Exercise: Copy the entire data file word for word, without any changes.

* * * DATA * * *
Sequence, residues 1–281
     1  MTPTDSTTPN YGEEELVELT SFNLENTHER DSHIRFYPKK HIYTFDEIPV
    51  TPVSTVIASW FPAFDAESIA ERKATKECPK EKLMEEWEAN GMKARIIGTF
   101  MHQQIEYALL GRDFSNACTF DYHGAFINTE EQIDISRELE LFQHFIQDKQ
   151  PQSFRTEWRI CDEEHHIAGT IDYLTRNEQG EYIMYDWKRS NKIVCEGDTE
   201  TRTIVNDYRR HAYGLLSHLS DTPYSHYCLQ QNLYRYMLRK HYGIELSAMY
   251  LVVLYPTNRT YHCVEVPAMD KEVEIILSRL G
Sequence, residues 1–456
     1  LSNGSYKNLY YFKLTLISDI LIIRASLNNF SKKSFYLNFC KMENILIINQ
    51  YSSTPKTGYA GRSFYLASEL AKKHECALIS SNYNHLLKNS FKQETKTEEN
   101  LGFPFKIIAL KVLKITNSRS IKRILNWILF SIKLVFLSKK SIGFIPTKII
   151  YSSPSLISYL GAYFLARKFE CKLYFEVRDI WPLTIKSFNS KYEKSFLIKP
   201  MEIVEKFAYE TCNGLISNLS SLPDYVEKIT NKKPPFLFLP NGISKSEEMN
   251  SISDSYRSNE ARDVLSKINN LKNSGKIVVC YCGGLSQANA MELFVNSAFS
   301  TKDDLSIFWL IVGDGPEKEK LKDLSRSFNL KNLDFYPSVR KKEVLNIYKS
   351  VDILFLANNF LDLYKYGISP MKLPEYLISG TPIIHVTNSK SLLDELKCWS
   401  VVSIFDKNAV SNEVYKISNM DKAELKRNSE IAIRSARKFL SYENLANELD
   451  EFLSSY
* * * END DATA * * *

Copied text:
Sequence, residues 1–281
     1  MTPTDSTTPN YGEEELVELT SFNLENTHER DSHIRFYPKK HIYTFDEIPV
    51  TPVSTVIASW FPAFDAESIA ERKATKECPK EKLMEEWEAN GMKARIIGTF
   101  MHQQIEYALL GRDFSNACTF DYHGAFINTE EQIDISRELE LFQHFIQDKQ
   151  PQSFRTEWRI CDEEHHIAGT IDYLTRNEQG EYIMYDWKRS NKIVCEGDTE
   201  TRTIVNDYRR HAYGLLSHLS DTPYSHYCLQ QNLYRYMLRK HYGIELSAMY
   251  LVVLYPTNRT YHCVEVPAMD KEVEIILSRL G
Sequence, residues 1–456
     1  LSNGSYKNLY YFKLTLISDI LIIRASLNNF SKKSFYLNFC KMENILIINQ
    51  YSSTPKTGYA GRSFYLASEL AKKHECALIS SNYNHLLKNS FKQETKTEEN
   101  LGFPFKIIAL KVLKITNSRS IKRILNWILF SIKLVFLSKK SIGFIPTKII
   151  YSSPSLISYL GAYFLARKFE CKLYFEVRDI WPLTIKSFNS KYEKSFLIKP
   201  MEIVEKFAYE TCNGLISNLS SLPDYVEKIT NKKPPFLFLP NGISKSEEMN
   251  SISDSYRSNE ARDVLSKINN LKNSGKIVVC YCGGLSQANA MELFVNSAFS
   301  TKDDLSIFWL IVGDGPEKEK LKDLSRSFNL KNLDFYPSVR KKEVLNIYKS
   351  VDILFLANNF LDLYKYGISP MKLPEYLISG TPIIHVTNSK SLLDELKCWS
   401  VVSIFDKNAV SNEVYKISNM DKAELKRNSE IAIRSARKFL SYENLANELD
   451  EFLSSY